Sunday morning after church, 82-year-old Margaret Zigterman watched as a young child drew a picture of the Old Testament tabernacle. “To see his creativeness as he was illustrating that,” said Zigterman, “it was refreshing to me.”
First Christian Reformed Church in Denver, Colo. recently completed a yearlong sermon series on the Old Testament. After each service, the attendees would split into groups of 15 to 20 to delve further into the Word. The groups were intentionally created to include people of all ages.
“First Church’s emphasis on being an intergenerational family is one thing that makes us unique. It has been part of our identity. We see it as a value to be preserved and strengthened,” said Nancy Waanders, worship coordinator.
Using Michael Williams’s book How to Read the Bible through the Jesus Lens as its foundation, the curriculum was written by Waanders and Shirley VanHeukelem, outreach coordinator.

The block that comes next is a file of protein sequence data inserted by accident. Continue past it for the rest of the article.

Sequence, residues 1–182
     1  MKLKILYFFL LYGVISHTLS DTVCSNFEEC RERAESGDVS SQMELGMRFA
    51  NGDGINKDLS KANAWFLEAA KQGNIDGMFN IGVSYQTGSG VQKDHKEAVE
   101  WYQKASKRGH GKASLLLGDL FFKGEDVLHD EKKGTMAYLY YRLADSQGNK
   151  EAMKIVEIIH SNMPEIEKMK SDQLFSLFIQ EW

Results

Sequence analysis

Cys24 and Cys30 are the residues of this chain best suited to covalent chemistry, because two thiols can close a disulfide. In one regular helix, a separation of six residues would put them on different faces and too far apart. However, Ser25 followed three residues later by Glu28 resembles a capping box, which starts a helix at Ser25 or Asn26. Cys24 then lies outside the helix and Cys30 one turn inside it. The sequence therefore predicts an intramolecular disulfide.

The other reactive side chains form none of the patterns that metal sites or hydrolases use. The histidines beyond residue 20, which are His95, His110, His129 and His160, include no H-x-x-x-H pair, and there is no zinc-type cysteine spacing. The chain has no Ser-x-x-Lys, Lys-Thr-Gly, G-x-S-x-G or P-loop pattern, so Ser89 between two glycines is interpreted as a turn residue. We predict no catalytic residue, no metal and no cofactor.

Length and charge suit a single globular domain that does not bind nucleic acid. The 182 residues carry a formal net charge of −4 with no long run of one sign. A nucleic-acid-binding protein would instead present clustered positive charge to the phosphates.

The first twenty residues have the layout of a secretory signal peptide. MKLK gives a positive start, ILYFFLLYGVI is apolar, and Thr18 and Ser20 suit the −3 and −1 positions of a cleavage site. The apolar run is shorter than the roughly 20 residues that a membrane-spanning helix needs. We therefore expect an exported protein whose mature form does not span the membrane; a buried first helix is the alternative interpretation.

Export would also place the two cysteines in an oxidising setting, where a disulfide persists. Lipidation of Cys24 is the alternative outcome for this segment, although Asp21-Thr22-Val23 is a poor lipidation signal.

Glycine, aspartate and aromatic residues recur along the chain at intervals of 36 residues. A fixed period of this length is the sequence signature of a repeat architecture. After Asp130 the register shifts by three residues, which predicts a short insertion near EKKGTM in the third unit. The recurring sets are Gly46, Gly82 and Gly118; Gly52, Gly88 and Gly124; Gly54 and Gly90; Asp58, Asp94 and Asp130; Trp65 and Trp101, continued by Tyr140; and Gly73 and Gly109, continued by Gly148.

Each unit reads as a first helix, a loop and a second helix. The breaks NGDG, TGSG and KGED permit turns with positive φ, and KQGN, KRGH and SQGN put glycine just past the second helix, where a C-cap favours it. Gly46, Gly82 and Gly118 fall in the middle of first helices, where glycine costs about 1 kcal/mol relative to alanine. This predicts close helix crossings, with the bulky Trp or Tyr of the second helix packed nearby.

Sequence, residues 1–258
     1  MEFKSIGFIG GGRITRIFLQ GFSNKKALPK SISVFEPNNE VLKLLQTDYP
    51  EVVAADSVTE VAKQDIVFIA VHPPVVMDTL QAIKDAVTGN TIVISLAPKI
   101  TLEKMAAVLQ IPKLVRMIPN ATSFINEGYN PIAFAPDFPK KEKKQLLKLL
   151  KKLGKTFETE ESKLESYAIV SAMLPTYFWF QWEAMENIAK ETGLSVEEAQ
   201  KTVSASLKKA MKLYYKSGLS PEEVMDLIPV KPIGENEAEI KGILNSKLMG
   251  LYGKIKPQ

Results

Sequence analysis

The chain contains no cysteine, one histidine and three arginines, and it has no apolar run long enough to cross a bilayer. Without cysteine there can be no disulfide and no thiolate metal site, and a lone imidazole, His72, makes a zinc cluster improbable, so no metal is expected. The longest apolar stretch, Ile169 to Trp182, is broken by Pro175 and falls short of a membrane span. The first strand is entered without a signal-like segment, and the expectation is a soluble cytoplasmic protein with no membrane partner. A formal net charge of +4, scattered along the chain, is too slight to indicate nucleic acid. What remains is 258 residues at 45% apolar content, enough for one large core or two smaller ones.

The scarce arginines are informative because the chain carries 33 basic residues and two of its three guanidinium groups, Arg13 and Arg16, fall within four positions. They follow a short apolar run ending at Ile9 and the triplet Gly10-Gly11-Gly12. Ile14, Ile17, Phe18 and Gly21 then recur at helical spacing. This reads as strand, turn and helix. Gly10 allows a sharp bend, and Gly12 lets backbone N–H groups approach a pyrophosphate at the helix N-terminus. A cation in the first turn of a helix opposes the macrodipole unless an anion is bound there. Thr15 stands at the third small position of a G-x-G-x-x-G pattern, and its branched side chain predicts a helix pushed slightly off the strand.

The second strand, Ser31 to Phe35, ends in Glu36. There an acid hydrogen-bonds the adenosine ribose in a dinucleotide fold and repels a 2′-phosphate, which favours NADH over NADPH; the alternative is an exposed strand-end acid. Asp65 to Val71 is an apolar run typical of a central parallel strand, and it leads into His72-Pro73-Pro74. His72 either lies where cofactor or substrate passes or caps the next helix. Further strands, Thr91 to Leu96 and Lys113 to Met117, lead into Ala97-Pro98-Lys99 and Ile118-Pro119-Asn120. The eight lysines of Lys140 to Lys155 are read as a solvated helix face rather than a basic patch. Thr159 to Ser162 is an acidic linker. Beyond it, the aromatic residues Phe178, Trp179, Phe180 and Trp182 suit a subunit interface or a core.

They used activities to engage folks ages 6 through 86. “We walked through the Red Sea, we judged the Judges, and even played dodgeball to experience being persecuted,” said Kay Alsum, another attendee in her 80s. “The last session was a quiz bowl, which brought out the competiveness in us all, especially the young.”
The groups were facilitated by the elders and deacons of the church and by other trained volunteers.
The younger generation was just as encouraged by the interaction as the older folks. “I got to know the older people in our church in a different way, on a more personal level,” said Erin Waanders, age 16. “I thought of them a lot differently after that.”
About the Author
Sarah Boonstra is the Banner's regional news correspondent for classes Rocky Mountain and Yellowstone.